(5) I'll confess that I use a nasal dialator strip, but I think it's just a security blanket.  I'll probably stop them at some point here, but for now I just feel too protective of my sleep, and they don't cost that much in the big picture.  But really, I can't see how they would affect apnea or snoring -- too far from the airways involved.  I only ever used them for the nasal congestion (to avoid the discomfort of breathing through a teeny nasal airway).  Which congestion is gone now (from stopping grains).  So I should stop the the nasal dialators.

(6) Okay, I'll endorse a couple books on sleep hygiene: "The Promise of Sleep" and "Lights Out."  I read 'em both around 1998 or so, and although they're long, I feel they focused me on on important habits to break, and to build.  Sleep is the culmination of your day-long daytime behaviors.  Many behaviors.  All can have real impact on sleep: 

[A] Excessive light in the last 2 hours before bed is a huge mistake.  I put dimmers on every light in the house, and they all go down (or off) at 8:30pm.  Computer monitors get dimmed too. 

[B] Daily aerobic exercise - before 5pm preferably - is also a major pillar of good sleep.  Shoot for every day, and if you miss one or two days a week, that's okay.  And mix it up so it doesn't get stale.  Doing that same one thing every day forever is just too hard on even the most Spartan of us.  I have at least four core aerobic options, and variations within each of them.  (And I don't skimp on good music while exercising.  Good music is the best drug I know.)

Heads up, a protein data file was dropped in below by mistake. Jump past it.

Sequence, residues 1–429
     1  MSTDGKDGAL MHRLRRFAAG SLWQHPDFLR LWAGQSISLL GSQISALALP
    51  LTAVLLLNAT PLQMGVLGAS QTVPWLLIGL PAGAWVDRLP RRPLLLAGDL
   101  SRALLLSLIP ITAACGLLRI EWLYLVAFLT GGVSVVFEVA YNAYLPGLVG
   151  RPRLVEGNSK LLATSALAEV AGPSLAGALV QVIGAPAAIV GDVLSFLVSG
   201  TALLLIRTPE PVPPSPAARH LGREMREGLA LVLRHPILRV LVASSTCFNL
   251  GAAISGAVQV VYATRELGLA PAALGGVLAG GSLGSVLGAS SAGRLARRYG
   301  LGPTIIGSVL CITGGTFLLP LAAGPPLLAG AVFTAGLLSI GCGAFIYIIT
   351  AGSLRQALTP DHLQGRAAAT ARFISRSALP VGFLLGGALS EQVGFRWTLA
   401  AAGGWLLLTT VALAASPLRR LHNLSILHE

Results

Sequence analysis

[C] Also crucial is regular focused relaxation during the daytime -- some call it meditation.  The point is to train the mind to know how to stop worrying.  Most of us either work hard or play hard every waking moment, one way or another, even if it's physically passive like watching something on TV (say, a cop drama? .. nothing emotionally calming there).  Learning to embrace calm pays huge dividends.  I do it on my commute, on average  a few times a week.  Sometimes I do it on the elliptical machine in the gym (great since you have hands and feet guided, so you can close your eyes and zone out, while you exercise into a mild runner's high).

Granted all of this is a lot of work.  But it's worth it.  There is no shortcut to getting your life back from insomnia.  When you start really sleeping again, you start to find how much balance can return to life -- the full range of feelings; not just a brave little spirit bearing up in some dark and empty place.